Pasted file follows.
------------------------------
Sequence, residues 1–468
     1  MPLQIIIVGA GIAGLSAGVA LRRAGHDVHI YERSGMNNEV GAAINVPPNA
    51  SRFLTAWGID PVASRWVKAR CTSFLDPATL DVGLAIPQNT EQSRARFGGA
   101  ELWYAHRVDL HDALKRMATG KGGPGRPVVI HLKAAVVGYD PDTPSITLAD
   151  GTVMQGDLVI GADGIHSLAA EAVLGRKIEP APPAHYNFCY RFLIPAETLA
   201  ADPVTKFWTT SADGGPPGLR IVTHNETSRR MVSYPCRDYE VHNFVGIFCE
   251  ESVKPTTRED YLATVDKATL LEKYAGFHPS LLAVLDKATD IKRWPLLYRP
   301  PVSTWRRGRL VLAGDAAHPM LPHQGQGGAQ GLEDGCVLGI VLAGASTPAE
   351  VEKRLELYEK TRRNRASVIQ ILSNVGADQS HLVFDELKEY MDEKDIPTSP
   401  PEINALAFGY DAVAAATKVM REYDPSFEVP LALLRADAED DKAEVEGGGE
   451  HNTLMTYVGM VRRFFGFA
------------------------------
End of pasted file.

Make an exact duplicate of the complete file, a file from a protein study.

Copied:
Sequence, residues 1–468
     1  MPLQIIIVGA GIAGLSAGVA LRRAGHDVHI YERSGMNNEV GAAINVPPNA
    51  SRFLTAWGID PVASRWVKAR CTSFLDPATL DVGLAIPQNT EQSRARFGGA
   101  ELWYAHRVDL HDALKRMATG KGGPGRPVVI HLKAAVVGYD PDTPSITLAD
   151  GTVMQGDLVI GADGIHSLAA EAVLGRKIEP APPAHYNFCY RFLIPAETLA
   201  ADPVTKFWTT SADGGPPGLR IVTHNETSRR MVSYPCRDYE VHNFVGIFCE
   251  ESVKPTTRED YLATVDKATL LEKYAGFHPS LLAVLDKATD IKRWPLLYRP
   301  PVSTWRRGRL VLAGDAAHPM LPHQGQGGAQ GLEDGCVLGI VLAGASTPAE
   351  VEKRLELYEK TRRNRASVIQ ILSNVGADQS HLVFDELKEY MDEKDIPTSP
   401  PEINALAFGY DAVAAATKVM REYDPSFEVP LALLRADAED DKAEVEGGGE
   451  HNTLMTYVGM VRRFFGFA